Giant Squid Found in Australia by the Team of McGlashan (Photo)
A giant squid carcass has been found by the team of Al McGlashan, the author of The Fishing Bible, located at 30 miles off Jervis Bay in New South Wales in Australia.
The team which consists of McGlashan’s fishing partner, Justin Lewis, a film crew and Phil Bolton, who works for the regional fisheries department, sailed out to sea on Friday last week to search for tuna and swordfish. However, instead of finding a tuna and swordfish, they found a dead giant squid.
According to GrindTV.com, finding the giant squid carcass intact is rare, and finding a giant squid that has not yet lost its bright orange coloration is even rarer.
“In all my time on the water – and I’ve spent 200-plus days out there – I’ve never seen anything like it. The giant squid must have died not that long before we found it because it didn’t smell at all and its colors were still strong. Most giant squid remains are smelly and rotten and just off-white by the time someone finds them,” said McGlashan.
McGlashan is filming the giant squid from the deep on Friday when suddenly a 2.5m blue shark appeared and fed on it which you can see from the video below.
Australian Museum squid specialist Mandy Reid said the giant squid had either encountered a sperm whale or had come to the end of its short life and floated to the surface.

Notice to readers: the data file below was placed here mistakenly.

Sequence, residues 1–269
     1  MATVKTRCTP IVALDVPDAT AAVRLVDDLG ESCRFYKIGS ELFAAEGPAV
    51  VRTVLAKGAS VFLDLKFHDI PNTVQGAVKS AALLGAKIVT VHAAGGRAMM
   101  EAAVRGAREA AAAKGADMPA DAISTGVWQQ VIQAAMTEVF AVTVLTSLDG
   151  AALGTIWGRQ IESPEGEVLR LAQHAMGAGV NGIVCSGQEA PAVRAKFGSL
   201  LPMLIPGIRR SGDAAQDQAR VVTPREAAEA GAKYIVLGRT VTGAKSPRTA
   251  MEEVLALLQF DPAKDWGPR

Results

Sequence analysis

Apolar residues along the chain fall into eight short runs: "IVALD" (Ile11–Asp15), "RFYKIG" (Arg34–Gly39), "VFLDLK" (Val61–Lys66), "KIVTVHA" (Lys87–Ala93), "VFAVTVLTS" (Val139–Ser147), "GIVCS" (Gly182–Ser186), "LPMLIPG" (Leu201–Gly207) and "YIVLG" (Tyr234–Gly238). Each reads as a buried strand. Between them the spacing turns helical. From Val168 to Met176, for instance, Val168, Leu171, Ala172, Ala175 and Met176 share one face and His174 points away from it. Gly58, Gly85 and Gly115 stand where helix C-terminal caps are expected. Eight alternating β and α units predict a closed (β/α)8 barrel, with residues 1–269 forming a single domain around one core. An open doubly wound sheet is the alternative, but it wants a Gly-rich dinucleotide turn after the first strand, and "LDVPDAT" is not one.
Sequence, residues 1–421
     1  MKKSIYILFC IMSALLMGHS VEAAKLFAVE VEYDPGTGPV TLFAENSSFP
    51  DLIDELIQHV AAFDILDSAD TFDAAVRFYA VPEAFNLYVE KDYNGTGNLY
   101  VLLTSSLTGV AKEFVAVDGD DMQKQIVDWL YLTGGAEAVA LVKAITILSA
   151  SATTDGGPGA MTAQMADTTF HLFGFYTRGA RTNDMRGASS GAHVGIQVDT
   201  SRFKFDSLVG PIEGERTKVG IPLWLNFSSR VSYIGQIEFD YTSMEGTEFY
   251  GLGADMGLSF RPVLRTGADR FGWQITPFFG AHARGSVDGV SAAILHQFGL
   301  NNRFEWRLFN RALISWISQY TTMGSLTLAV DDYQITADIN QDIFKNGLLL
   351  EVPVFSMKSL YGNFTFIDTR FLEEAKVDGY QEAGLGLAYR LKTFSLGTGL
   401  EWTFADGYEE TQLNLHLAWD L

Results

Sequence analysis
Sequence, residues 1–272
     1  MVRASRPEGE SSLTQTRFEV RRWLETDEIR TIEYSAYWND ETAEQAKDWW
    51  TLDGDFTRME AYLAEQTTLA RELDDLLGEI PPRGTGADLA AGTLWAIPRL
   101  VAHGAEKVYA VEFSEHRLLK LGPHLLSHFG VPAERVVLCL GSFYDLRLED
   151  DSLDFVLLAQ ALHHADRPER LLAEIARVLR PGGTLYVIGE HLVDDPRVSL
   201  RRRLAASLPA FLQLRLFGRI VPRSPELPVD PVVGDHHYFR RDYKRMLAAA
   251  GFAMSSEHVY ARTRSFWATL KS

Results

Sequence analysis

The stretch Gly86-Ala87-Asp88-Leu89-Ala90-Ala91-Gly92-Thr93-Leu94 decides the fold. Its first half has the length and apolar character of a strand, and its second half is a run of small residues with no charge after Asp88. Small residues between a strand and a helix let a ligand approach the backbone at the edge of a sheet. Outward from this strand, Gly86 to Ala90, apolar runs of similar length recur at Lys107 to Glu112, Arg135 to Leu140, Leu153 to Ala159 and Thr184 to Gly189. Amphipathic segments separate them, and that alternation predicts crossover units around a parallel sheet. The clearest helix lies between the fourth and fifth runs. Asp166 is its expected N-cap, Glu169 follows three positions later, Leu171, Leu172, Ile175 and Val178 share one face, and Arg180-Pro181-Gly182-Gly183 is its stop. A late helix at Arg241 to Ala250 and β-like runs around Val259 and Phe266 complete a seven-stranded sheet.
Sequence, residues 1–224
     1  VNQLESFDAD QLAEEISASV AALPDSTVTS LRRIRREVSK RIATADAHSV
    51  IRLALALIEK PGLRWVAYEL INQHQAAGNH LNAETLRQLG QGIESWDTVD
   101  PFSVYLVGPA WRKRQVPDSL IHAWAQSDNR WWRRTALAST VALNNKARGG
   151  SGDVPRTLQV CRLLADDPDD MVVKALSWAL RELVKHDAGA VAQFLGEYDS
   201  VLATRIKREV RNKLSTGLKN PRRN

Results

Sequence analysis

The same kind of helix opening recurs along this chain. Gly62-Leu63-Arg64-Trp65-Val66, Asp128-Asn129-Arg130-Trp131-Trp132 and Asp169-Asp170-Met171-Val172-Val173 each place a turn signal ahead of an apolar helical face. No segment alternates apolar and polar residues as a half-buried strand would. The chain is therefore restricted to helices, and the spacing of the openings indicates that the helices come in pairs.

“Most squid only live for a year, they grow extremely quickly, but there is also a chance that it has been attacked by a sperm whale. Sperm whales are far bigger, heavier and faster in the water – the giant squid are quite slow – so the whale generally wins,” Dr. Reid said.
The giants squid that McGlashan found stretches about 13 feet. These giant squid are so rare that it’s probably a once-in-a-lifetime event for anyone who happens upon this sea creature. They live at such great ocean depths making them difficult to observe in the wild.
In fact, the first documented record of a live giant squid in the wild was on September 30, 2004 when researchers from the National Science Museum of Japan and the Ogasawara Whale Watching Association took the first images of a live giant squid in its natural habitat. Several of the 556 photographs were released a year later. The same team successfully filmed, for the first time, a live giant squid on December 2006.
Giant squids belong to the genus Architeuthis which is represented by as many as eight species. They are considered as the world’s largest invertebrates and are thought to reach sizes up to 60 feet (18 meters).